A spokesman for British Prime Minister Rishi Sunak immediately denied this: “Ukraine’s use of the Storm Shadow long-range missile system and the target selection process are the responsibility of the Ukrainian armed forces.” Conservative MP Tobias Ellwood, former head of the defense committee in the British Parliament, even spoke of a “blatant misuse of intelligence information deliberately aimed at distracting from Germany’s reluctance to equip Ukraine with its own long-range missile system,” he told the newspaper. Telegraph”. And the chairwoman of the Foreign Affairs Committee, Alicia Kearns, wrote on the news portal X: “Scholz’s statements are wrong, irresponsible and a slap in the face to the allies.”

Scholz and Macron with different directions

The French allies were not that clear. But President Emmanuel Macron made it pretty clear what he thought about it just a few hours after the Chancellor said no to Taurus on Monday. Many who said “never, never” today are the same ones who said two years ago “never, never tanks, never, never planes, never, never longer-range missiles,” he said after a meeting of 20 heads of state and government in Paris to support Ukraine, which Scholz took part in. And he followed up: Two years ago many people would have said: “We will send sleeping bags and helmets.” A reminder that shortly before the war the federal government boasted of delivering 5,000 helmets to Ukraine.

Above all, Macron did not rule out sending ground troops to Ukraine. This in turn encouraged Scholz to respond in a video message in which he made a promise for the future. “As German Chancellor, I will not send any soldiers from our Bundeswehr to Ukraine. That applies. Our soldiers can rely on that. And you can rely on that.”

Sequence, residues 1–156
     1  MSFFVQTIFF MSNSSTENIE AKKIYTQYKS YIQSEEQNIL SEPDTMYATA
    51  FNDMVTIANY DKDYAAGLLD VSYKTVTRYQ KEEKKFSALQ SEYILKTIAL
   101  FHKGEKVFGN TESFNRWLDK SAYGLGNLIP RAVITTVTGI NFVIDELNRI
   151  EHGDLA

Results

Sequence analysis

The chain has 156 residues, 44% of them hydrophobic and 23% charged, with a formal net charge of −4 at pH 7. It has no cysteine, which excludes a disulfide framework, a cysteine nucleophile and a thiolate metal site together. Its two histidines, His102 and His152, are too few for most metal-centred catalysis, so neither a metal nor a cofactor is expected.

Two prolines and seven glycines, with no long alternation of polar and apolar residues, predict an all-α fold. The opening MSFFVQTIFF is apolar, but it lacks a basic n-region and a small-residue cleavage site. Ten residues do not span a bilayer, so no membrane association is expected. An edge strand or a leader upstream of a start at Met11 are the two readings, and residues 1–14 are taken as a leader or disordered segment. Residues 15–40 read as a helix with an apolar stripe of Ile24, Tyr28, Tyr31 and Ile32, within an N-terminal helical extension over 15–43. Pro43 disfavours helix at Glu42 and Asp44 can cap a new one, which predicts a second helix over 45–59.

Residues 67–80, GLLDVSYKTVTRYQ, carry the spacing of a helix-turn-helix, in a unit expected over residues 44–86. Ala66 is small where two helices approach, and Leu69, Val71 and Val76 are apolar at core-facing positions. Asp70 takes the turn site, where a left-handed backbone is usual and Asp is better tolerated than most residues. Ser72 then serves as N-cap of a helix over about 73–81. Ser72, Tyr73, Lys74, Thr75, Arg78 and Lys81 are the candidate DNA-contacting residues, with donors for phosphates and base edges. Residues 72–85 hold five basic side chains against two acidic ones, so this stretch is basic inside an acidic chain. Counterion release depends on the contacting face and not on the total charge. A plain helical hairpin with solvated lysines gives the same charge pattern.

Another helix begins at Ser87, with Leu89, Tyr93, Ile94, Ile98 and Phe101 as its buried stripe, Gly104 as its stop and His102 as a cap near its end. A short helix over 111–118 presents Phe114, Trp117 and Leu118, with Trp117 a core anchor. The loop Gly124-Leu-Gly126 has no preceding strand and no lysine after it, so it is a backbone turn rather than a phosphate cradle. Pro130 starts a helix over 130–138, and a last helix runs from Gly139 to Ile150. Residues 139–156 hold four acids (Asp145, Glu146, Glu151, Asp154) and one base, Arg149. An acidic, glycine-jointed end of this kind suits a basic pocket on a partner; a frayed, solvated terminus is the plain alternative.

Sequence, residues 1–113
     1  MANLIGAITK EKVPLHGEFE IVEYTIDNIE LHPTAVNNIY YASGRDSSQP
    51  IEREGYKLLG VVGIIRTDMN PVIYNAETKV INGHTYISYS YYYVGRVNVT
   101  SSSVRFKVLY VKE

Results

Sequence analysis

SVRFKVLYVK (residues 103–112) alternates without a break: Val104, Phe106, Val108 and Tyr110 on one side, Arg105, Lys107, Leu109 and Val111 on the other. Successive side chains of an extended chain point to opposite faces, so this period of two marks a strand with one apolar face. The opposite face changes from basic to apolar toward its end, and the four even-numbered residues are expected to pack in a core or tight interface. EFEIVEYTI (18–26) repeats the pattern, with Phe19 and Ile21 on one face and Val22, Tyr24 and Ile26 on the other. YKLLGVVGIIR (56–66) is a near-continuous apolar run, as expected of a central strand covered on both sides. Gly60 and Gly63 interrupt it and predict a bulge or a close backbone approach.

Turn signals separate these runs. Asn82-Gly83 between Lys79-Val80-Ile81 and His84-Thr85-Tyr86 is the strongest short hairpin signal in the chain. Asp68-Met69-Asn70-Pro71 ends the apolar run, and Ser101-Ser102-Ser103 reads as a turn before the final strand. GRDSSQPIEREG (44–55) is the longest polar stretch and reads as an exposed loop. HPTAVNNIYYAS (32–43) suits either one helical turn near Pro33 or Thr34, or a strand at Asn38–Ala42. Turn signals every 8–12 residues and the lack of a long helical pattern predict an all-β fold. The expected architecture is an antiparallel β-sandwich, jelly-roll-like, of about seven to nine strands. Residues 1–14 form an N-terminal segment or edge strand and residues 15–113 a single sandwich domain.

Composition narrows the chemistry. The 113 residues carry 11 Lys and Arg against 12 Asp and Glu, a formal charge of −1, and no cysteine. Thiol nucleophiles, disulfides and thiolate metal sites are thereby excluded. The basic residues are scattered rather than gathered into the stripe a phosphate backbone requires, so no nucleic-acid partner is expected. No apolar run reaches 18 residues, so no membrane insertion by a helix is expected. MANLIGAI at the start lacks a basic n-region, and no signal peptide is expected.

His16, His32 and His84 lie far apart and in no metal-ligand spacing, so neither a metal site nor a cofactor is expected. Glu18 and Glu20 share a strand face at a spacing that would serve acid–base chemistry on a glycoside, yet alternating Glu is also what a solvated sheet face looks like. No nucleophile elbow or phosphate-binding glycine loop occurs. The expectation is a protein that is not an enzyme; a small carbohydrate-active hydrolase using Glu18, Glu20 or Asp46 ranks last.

Memories of Schröder’s no to the Iraq War

This is reminiscent of a sentence that the Social Democratic Chancellor Gerhard Schröder said in September 2002 about the Iraq War: “Under my leadership, Germany will not take part in an intervention in Iraq.” Despite all of Schröder’s aberrations in Russia policy, the SPD is still proud of Schröder’s rejection of German participation in an invasion of Iraq. Schröder had the vast majority of Germans behind him. With Scholz, this should at least apply to the cancellation of the ground troops. But even when he rejected the delivery of the Taurus cruise missiles for the first time in October, he had the majority behind him. In a YouGov survey at the time, 55 percent supported the Chancellor’s no, only 26 percent thought the decision was wrong.

Some believe that Scholz has set the tone for the coming election campaigns with his new intonation. In any case, he gets a lot of applause from his own party. However, the domestic political discussion is likely to continue. The Union wants to talk to the Chancellery – ideally with the Chancellor himself – about Taurus at the next meeting of the Defense Committee on March 13th. There is an “urgent need for parliamentary information and advice”. And the coalition partners of the FDP and the Greens are unlikely to accept the Chancellor’s no to Taurus.